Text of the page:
The garment, made in 1890, is the earliest pair of Levis to have ever appeared at auction. Levi Strauss & Co first began making denim overalls only two decades earlier, in the 1870s.

Today, the brand has more than 470 stories around the world and remains one of the worlds' most iconic jean manufacturers - iconic enough for one collector to pay a five-figure sum to own this unique part of the firm's legacy.

#7 Lee Harvey Oswald's coffin - $87,000

How's this for a 'niche market'? The coffin in which Lee Harvey Oswald was originally buried was auctioned for $87,000 in November 2010. Bids began at a minimum $1,000, before rocketing upwards.

While macabre, the coffin is undoubtedly a key part of the United States' history. The body of President Kennedy's assassin was exhumed in 1981 to disprove the suggestion that his body was in fact that of a Russian spy.

When returned to the ground, Oswald's body was placed in a new coffin - hence this opportunity for a lucky buyer to acquire his old casket.

#6 Stairs from the Eiffel Tower - 105,400

Perfect for that loft conversion... An original spiral staircase from the Eiffel Tower sold for 105,400 at Paris's Drouot auctioneers in December 2009.

The iconic Eiffel Tower was considered an eyesore when it was first erected as the entrance to the World's Fair in Paris in the late-19th century. The 40 steps, dating from 1889 when the tower was first opened, are 7.8 metres high.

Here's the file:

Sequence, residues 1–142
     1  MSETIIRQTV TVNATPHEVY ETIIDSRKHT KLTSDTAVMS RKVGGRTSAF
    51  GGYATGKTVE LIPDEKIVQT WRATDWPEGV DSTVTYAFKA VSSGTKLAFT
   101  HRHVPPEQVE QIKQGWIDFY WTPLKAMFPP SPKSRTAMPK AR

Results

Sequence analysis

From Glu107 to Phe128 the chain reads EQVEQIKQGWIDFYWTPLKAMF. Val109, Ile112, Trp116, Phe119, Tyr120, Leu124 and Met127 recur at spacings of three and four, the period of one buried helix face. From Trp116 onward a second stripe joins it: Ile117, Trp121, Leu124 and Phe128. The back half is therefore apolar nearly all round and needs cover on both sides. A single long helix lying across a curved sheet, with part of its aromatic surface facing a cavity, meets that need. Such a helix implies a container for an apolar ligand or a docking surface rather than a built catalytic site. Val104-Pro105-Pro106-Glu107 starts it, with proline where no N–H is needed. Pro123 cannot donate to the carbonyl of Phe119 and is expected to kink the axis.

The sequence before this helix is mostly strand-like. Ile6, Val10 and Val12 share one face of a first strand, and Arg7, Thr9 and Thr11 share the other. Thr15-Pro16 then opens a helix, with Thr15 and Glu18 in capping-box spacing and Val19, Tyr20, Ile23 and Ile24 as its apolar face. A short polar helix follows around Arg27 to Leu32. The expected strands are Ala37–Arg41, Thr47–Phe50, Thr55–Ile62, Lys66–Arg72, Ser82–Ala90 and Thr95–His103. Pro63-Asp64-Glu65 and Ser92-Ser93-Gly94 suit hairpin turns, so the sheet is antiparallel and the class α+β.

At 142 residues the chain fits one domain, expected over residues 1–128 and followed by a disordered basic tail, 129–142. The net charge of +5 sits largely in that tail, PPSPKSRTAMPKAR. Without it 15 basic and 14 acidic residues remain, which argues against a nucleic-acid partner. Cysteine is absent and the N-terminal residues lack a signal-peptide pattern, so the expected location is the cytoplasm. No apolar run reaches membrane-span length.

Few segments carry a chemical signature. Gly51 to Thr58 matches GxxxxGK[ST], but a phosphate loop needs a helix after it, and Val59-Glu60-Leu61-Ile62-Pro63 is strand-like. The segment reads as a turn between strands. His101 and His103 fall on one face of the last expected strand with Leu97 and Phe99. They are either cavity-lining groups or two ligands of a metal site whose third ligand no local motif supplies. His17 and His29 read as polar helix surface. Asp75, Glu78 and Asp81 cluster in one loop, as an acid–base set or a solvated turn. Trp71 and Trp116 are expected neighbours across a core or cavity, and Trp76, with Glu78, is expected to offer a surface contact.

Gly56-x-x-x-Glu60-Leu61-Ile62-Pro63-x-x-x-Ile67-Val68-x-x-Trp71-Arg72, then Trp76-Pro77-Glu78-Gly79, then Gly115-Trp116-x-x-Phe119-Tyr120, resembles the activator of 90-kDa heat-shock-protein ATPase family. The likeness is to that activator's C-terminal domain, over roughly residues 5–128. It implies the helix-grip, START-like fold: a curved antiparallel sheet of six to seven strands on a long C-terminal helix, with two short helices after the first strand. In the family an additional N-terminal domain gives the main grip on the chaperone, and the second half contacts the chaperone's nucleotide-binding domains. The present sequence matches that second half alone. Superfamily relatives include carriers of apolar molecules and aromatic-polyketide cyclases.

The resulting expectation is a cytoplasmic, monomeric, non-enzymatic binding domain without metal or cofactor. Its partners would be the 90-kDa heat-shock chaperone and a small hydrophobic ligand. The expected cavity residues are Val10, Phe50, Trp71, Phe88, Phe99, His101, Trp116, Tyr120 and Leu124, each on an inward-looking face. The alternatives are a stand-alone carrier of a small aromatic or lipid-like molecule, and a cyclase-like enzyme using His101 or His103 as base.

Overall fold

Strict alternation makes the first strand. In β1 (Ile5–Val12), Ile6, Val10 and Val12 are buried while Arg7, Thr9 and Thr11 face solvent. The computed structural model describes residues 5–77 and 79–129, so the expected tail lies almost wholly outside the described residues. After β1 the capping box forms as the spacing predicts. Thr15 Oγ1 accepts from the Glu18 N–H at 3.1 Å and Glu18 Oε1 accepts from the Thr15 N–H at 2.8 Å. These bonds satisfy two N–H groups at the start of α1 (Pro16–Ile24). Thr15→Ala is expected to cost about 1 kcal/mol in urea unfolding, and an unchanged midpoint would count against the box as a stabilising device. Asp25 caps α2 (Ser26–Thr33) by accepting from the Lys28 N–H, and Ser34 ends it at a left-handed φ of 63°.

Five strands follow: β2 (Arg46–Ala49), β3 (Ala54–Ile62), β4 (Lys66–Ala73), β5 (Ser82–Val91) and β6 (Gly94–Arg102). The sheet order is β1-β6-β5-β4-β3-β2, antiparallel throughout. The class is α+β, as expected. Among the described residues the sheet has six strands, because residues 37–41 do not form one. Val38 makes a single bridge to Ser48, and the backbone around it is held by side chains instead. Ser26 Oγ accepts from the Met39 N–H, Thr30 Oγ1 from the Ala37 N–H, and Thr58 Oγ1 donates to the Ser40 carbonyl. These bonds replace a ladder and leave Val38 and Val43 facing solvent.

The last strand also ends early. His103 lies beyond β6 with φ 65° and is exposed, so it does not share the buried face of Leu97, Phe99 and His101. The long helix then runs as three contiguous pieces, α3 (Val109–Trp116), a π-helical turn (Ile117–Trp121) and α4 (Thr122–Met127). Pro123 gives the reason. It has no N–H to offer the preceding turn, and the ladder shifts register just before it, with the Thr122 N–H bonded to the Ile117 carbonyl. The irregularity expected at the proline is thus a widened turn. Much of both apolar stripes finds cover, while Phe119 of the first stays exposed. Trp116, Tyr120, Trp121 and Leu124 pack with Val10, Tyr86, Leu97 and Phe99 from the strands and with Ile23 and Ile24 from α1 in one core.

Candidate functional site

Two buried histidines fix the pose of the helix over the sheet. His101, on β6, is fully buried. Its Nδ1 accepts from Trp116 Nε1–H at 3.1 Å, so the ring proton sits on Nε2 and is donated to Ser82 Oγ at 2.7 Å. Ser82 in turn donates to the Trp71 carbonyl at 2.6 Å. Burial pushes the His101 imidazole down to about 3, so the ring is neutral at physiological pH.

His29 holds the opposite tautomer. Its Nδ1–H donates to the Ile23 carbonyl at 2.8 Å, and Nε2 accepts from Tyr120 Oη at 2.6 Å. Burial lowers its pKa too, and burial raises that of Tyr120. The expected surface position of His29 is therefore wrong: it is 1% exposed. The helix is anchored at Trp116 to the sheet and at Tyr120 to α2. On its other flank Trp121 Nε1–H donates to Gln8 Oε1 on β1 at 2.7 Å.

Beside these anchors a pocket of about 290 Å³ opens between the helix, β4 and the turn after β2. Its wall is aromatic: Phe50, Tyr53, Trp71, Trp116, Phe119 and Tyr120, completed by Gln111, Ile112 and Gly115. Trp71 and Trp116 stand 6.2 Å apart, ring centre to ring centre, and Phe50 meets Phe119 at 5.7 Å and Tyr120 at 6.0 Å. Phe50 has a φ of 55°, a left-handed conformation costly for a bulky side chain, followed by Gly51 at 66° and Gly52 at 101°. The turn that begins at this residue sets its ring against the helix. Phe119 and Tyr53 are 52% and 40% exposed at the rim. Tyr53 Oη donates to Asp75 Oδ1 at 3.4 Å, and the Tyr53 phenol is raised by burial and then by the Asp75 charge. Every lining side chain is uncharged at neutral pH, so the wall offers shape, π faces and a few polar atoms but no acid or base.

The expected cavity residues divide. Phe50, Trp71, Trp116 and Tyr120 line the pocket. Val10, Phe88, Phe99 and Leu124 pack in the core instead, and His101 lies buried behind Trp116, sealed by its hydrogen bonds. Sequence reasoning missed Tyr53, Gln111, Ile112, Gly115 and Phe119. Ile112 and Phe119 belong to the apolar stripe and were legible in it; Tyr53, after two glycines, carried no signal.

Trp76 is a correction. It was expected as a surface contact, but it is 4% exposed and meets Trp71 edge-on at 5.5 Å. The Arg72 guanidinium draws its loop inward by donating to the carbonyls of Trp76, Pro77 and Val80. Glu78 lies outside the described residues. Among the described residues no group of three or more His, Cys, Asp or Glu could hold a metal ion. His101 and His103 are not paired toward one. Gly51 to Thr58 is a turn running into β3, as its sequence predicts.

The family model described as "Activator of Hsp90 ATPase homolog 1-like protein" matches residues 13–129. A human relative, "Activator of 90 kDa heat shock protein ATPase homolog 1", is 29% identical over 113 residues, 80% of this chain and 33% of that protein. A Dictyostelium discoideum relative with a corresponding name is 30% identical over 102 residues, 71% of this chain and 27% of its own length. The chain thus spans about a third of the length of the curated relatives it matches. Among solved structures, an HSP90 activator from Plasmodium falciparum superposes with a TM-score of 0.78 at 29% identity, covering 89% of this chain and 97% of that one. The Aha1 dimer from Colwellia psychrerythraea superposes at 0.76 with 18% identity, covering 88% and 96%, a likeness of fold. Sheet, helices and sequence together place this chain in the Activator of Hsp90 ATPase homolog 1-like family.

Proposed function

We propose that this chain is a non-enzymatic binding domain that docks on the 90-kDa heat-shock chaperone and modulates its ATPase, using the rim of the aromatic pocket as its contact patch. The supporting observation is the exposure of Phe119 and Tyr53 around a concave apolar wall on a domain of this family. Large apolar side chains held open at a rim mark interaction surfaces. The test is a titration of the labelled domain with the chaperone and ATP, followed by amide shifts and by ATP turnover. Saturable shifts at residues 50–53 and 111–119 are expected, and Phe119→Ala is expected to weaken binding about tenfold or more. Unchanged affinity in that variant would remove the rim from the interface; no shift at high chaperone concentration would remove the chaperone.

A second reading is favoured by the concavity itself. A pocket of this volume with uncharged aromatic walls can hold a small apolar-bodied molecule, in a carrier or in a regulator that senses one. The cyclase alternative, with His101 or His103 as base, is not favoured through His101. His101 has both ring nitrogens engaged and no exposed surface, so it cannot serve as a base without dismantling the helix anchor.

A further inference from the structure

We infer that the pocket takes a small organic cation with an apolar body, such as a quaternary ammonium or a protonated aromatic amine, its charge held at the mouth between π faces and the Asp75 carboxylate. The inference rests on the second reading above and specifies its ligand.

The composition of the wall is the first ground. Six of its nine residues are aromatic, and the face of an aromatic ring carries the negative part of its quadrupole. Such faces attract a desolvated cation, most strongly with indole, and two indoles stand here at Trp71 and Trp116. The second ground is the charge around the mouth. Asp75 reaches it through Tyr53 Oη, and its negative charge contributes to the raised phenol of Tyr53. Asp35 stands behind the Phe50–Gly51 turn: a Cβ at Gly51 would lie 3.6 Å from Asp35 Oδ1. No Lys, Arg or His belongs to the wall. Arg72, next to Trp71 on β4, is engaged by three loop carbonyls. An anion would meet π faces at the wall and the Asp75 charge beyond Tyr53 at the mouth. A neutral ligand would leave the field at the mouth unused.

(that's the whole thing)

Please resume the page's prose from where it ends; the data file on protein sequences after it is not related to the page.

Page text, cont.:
They were removed from the tower during renovation work in 1983, and later appeared at Drouot's 2009 auction alongside various other Parisian architectural treasures.

#5 Napoleon's penis - $100,000

Its whereabouts were unknown for decades, but Napoleon's penis finally appeared in 1916.

Descendants of the priest who administered the last rites to Napoleon in 1821 sold an item claimed to be the emperor's penis to a rare book company.

The appendage, believed to be between an inch to an inch-and-a-half in length, was last seen at auction in 1977. A professor at Columbia University got his hands on it for $3,000.

Napoleon's penis has since been passed down through the family. Believe it or not, the professor's daughter recently turned down an offer of $100,000 to part with it.

#4 Apollo 11 navigational chart - $218,000

This piece is a historically important as it is unique, having been used by Apollo11 astronauts Neil Armstrong and Buzz Aldrin to determine their exact position on the lunar surface, just after their historic 1969 moonlanding.